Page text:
Etiology of specific molecular alterations in human malignancies

Cytogenetic and Genome Research. 2007;118:277-283 [Link]

Vauhkonen H, Heino S, Myllykangas S, Lindholm PM, Savola S, Knuutila S.

Department of Pathology, Haartman Institute and HUSLAB, University of Helsinki and Helsinki University Central Hospital, Helsinki, Finland.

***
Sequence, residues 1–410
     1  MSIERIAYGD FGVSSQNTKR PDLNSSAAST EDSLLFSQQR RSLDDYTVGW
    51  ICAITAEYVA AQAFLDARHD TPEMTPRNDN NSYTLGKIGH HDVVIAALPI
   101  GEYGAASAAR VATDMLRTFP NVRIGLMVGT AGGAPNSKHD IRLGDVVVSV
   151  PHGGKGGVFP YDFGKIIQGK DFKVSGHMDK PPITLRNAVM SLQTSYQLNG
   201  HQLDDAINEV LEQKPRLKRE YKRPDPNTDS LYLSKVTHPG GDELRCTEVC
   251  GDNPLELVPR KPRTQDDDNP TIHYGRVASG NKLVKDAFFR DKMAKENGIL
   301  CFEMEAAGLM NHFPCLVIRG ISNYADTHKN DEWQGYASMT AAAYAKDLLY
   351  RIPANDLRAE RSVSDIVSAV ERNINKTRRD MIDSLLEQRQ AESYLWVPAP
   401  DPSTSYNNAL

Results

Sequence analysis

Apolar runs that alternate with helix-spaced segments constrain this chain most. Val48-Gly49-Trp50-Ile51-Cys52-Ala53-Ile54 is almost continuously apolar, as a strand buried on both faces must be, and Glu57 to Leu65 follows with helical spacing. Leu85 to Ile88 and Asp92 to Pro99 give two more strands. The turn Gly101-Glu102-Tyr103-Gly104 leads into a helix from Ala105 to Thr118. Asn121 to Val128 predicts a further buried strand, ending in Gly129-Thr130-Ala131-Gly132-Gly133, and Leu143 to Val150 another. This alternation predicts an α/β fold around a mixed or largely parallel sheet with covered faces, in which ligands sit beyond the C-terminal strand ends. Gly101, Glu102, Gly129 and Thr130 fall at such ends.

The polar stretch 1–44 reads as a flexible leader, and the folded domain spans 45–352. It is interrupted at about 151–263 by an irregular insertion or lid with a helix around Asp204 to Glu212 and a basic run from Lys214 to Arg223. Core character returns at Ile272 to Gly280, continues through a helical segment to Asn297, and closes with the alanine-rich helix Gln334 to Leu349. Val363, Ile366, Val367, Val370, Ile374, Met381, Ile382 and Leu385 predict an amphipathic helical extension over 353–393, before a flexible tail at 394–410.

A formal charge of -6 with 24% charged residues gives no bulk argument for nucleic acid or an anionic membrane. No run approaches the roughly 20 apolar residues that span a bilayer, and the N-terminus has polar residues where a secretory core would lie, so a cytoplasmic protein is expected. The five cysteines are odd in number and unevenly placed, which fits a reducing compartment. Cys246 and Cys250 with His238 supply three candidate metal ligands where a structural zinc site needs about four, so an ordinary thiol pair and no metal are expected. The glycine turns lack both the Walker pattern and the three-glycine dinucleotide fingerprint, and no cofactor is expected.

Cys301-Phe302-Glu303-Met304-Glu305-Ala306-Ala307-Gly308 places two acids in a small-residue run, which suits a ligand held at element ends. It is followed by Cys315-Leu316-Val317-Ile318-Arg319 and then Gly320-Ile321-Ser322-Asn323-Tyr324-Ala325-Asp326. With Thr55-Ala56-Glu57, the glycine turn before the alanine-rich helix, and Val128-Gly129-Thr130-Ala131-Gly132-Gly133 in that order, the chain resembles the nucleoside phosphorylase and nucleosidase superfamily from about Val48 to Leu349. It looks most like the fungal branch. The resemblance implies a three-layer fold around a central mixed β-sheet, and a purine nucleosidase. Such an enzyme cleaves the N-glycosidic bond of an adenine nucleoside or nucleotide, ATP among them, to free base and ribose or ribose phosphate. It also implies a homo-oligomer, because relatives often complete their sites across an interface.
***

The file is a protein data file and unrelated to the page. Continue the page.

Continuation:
Cancer results from multiple genomic changes that affect DNA and its gene expression. The DNA sequences may be gained, lost or amplified, or translocated into different parts of the genome to form a fusion gene with oncogenic properties. The occurrence of specific chromosomal aberrations may be restricted to only one cancer type and it may be considered a primary carcinogenic event. Furthermore, the aberration profiles may be used to cluster tumors with similar origins. A variety of techniques exist for the detection of specific chromosomal and gene expression changes. However, the etiology of these molecular alterations remains unclear. Here we discuss the roles of Helicobacter pylori and asbestos burden as carcinogens that cause gastric cancer, mesothelioma and lung cancer.